Congratulations on the Ferenc Bojan Award at the EPHC 2021 - it's an excellent achievement! What do you think the jury appreciated the most about your work?
I think the jury was interested in the topic because sleep is relevant to all of us - lots of people have children who don't sleep well. Parents wonder whether they could have done anything differently or what could have influenced this behavior. Sleep in babies is also associated with stress during pregnancy. Pregnancy is a challenging time, sometimes accompanied by relationship problems, housing, or financial difficulties. Again, many people have experience of such a situation, so this topic applies to them personally.
In addition, our research methodology is interesting – it included longitudinal data from the ELSPAC (European Longitudinal Study of Pregnancy and Childhood) study from over 4,000 people. Sleep was measured in children 1.5 to 11 years of age, which allowed tracking the impact of stress on sleep throughout childhood.
The judges were also impressed that I elected to present the research myself during the live session instead of providing a pre-recorded six-minute video. Plus, I tried not to show the study in an overly scientific manner. The expert committee would have surely understood; however, scientists are also just people. When they sit in front of monitors all day and see many scientific papers, it certainly helps if everything is explained in a digestible way.
What impact does this award have on your future work?
Mainly it has motivated me. I believe that awards are essential for everyone. The fact that someone noticed my work and appreciated it made me very happy. I also hope that this award will draw attention to this topic.
As a psychologist, I am relatively new to epidemiology and public health. Nevertheless, I have always worked with epidemiological data. However, since this study is thematically psychological, I was unsure whether it would be attractive to anyone at the conference. Thanks to the prize, I discovered that this topic is also relevant to public health, which is significant.
As you say, this is a psychology-based topic. However, in these crazy times, people tend to associate 'epidemiology' with the spread of viruses.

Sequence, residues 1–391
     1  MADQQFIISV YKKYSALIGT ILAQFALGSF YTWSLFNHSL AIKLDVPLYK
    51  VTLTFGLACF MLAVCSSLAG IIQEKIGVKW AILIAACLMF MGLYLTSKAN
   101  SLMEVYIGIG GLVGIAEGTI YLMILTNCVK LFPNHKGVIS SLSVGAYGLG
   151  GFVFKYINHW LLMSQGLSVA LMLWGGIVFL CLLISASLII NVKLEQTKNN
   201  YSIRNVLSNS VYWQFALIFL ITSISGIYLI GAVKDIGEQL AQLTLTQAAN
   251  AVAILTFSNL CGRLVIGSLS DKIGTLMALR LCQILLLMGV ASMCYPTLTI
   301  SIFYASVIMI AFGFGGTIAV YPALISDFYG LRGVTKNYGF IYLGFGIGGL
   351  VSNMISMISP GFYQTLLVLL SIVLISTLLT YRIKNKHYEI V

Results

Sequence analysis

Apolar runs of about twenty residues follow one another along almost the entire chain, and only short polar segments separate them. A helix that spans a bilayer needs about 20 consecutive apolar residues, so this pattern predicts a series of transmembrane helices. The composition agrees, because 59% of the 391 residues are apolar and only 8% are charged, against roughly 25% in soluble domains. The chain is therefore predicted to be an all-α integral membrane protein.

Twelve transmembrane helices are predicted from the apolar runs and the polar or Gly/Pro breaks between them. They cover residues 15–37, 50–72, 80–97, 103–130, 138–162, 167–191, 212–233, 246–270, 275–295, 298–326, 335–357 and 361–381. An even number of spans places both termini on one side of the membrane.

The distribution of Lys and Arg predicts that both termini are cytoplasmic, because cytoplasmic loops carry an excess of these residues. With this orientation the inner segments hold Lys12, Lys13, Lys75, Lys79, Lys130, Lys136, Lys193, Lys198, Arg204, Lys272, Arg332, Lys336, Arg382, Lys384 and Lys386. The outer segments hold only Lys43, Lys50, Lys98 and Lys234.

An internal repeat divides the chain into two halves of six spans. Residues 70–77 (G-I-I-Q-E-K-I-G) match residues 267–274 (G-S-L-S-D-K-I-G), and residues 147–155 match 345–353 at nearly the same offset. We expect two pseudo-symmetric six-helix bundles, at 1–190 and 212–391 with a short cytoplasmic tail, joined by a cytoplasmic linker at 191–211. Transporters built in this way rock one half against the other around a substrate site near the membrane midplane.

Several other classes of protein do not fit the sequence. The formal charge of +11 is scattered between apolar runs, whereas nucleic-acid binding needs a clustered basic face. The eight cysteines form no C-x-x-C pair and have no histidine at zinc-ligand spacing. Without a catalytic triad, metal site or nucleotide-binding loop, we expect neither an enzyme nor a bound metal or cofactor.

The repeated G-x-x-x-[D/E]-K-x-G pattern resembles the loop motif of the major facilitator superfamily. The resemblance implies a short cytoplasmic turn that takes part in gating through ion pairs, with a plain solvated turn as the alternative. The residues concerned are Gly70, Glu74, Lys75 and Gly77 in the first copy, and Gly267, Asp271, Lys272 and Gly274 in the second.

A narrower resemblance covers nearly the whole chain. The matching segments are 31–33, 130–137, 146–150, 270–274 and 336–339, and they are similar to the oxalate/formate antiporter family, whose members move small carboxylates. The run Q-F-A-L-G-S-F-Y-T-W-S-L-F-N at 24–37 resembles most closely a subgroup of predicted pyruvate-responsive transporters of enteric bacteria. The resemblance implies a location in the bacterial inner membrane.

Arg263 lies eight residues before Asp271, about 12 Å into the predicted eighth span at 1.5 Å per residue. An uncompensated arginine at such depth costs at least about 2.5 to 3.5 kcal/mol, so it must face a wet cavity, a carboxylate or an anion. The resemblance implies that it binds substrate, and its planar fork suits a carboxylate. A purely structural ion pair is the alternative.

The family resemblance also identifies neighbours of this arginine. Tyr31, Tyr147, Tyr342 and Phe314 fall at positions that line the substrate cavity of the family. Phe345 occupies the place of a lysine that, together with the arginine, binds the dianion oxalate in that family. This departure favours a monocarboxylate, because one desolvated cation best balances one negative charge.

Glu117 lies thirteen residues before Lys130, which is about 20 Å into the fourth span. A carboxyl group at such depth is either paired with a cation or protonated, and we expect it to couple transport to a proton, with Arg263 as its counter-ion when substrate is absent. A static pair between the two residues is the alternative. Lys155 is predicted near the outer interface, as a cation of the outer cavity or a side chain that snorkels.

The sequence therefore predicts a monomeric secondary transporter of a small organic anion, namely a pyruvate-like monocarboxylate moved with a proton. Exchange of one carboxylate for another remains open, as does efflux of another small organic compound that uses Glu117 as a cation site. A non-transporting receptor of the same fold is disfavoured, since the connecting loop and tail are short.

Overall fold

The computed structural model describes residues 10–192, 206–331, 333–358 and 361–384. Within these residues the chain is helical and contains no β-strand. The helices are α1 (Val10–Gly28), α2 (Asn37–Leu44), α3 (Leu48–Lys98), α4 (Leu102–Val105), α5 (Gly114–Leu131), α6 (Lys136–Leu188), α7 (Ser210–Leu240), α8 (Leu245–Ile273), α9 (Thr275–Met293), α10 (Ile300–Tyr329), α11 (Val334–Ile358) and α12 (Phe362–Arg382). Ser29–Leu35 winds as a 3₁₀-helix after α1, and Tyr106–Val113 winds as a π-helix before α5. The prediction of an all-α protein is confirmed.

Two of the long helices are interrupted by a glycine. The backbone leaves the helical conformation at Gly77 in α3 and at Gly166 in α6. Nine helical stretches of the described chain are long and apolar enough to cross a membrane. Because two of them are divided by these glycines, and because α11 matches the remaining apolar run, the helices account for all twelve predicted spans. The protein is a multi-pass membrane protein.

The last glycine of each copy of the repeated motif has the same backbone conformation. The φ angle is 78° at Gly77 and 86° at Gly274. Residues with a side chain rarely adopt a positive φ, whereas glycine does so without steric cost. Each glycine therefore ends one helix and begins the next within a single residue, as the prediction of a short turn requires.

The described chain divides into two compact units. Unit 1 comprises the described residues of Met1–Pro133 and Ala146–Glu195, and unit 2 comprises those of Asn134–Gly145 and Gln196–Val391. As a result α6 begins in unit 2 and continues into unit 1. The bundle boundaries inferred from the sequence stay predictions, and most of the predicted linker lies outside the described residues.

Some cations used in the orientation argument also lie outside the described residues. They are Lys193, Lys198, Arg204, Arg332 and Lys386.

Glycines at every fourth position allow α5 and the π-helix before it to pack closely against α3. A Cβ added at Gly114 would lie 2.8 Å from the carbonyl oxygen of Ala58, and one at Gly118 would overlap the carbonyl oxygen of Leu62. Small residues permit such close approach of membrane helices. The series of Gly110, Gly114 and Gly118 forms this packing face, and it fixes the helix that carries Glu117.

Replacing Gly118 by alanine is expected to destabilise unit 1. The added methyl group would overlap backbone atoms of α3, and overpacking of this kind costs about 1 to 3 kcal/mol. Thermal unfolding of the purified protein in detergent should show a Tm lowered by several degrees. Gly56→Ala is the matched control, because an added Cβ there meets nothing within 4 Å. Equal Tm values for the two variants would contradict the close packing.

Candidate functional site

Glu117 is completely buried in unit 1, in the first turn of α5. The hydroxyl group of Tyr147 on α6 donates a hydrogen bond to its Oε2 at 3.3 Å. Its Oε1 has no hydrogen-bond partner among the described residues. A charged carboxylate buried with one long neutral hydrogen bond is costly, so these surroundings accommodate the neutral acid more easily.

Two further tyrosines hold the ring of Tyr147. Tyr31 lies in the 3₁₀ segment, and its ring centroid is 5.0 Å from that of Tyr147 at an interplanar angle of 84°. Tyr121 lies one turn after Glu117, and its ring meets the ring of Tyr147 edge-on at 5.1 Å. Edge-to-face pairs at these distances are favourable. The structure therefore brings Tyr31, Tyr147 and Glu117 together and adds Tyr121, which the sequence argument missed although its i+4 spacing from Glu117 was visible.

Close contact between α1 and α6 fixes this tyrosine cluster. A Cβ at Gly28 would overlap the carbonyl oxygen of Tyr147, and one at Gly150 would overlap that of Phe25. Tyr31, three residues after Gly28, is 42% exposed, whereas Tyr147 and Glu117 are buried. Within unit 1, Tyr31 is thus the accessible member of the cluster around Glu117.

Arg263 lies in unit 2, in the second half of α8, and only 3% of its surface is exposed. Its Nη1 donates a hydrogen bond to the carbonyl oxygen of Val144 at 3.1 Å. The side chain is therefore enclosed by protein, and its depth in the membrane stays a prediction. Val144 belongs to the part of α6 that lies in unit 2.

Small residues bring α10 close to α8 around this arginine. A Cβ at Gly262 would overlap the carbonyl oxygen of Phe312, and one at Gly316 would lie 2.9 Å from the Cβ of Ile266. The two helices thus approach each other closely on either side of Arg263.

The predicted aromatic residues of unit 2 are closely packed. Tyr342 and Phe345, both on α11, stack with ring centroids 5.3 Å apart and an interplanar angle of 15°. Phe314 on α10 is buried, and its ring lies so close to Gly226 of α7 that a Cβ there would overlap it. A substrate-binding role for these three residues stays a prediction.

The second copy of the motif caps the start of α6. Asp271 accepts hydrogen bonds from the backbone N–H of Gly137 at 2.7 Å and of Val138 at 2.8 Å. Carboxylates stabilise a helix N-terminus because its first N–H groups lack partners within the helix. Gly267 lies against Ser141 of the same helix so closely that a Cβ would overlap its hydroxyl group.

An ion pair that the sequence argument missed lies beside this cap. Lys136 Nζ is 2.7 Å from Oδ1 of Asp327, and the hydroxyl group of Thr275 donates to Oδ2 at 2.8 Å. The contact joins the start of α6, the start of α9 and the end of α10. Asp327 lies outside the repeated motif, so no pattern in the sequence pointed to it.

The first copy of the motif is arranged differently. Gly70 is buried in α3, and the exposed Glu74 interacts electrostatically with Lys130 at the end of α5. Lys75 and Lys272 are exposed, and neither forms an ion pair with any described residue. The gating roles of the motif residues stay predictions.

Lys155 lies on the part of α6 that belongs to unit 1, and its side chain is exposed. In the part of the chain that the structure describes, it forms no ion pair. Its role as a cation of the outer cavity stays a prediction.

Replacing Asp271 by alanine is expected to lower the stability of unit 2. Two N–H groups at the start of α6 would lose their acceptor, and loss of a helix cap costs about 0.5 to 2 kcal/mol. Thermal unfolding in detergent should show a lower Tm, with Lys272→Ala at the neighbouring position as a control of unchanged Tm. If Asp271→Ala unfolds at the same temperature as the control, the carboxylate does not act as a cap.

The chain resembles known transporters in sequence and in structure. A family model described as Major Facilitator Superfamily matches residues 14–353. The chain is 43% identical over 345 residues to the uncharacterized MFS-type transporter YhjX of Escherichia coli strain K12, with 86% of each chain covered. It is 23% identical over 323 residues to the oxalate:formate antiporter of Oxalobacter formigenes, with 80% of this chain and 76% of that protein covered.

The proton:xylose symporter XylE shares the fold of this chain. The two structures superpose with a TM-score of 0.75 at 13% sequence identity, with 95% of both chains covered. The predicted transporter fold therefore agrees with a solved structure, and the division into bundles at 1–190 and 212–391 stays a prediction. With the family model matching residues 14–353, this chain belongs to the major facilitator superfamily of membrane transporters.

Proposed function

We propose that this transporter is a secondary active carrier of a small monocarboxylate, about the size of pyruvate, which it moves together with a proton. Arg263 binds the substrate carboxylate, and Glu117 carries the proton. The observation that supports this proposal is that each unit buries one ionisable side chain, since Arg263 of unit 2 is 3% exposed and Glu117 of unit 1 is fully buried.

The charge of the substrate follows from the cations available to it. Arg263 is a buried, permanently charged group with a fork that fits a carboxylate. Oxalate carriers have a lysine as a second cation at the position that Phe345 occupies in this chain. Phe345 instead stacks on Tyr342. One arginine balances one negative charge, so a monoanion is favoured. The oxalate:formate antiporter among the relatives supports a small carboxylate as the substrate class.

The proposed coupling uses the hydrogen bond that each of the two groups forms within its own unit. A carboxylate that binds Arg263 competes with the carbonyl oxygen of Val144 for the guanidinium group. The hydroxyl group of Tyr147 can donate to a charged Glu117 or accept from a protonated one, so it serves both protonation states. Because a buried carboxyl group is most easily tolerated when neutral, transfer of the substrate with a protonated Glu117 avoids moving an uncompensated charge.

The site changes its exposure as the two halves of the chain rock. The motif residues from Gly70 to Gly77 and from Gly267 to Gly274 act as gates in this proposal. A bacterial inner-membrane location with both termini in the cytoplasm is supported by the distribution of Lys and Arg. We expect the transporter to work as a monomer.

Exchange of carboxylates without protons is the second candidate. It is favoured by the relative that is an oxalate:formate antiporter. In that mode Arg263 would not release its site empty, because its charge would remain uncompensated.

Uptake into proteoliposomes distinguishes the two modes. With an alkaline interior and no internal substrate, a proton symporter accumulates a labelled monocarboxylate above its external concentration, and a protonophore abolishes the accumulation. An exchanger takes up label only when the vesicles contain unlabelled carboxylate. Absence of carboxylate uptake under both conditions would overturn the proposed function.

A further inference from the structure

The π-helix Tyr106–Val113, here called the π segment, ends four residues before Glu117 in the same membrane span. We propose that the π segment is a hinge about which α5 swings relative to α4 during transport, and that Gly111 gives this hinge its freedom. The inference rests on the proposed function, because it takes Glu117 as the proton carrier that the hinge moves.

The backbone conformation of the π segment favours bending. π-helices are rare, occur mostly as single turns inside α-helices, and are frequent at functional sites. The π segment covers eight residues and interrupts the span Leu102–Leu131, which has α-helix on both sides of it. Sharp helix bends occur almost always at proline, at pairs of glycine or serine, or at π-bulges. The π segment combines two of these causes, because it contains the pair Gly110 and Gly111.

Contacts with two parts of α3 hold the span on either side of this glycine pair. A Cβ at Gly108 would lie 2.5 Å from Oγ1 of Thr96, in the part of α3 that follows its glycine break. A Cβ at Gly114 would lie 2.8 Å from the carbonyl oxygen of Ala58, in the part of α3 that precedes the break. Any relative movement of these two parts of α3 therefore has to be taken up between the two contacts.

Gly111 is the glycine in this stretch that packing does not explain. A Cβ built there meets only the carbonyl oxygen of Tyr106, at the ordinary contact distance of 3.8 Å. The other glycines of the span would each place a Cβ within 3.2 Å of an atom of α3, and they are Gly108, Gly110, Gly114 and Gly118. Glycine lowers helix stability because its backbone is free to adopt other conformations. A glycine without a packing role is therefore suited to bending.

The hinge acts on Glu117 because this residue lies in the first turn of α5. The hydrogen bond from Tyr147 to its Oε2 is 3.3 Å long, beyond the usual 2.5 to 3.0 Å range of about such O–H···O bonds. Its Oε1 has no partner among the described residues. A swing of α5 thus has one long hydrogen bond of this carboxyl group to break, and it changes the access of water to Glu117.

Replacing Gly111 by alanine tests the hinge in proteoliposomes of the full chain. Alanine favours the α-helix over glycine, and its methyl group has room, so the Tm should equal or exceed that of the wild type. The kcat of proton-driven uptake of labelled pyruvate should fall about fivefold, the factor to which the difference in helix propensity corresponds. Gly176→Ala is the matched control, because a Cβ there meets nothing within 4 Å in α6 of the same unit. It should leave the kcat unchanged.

I agree with that. When you say epidemiology, most people think of the spread of disease, but it is certainly not just about that. Almost anything related to health, morbidity, and risk factors for developing various disorders or diseases is relevant to epidemiology and public health. Pregnancy stress certainly fits into that because it can contribute to the development of other health problems.
How did you find your way to science, and why did you choose sleep?
I graduated in psychology and wanted to go into practice after graduation. Initially, I worked as a school psychologist in a high school. I loved my job, but mainly for personal reasons, I decided to change fields. I felt that science fit my nature better, and I was just better at it. I also had the opportunity to go to the University of Kentucky in the US for Ph.D. studies. It was a great opportunity, so I went for it. I had already dealt with sleep in my dissertation in three studies. One focused on sleep in children as a risk factor for developing later psychological difficulties; another targeted sleep and problem behavior. The third one was a bit different - I looked at chronotype, whether someone is a morning or evening type, and their association with problem behaviors and psychological problems.
Why did you decide to return to Brno after your studies?
My husband and I were in the USA together. For personal and professional reasons, we wanted to return to Europe. After a month of searching, we decided to return to Brno, where we found a job opportunity at RECETOX. We especially liked that the job positions offered interdisciplinary collaboration, and it was, of course, also nice to be back home.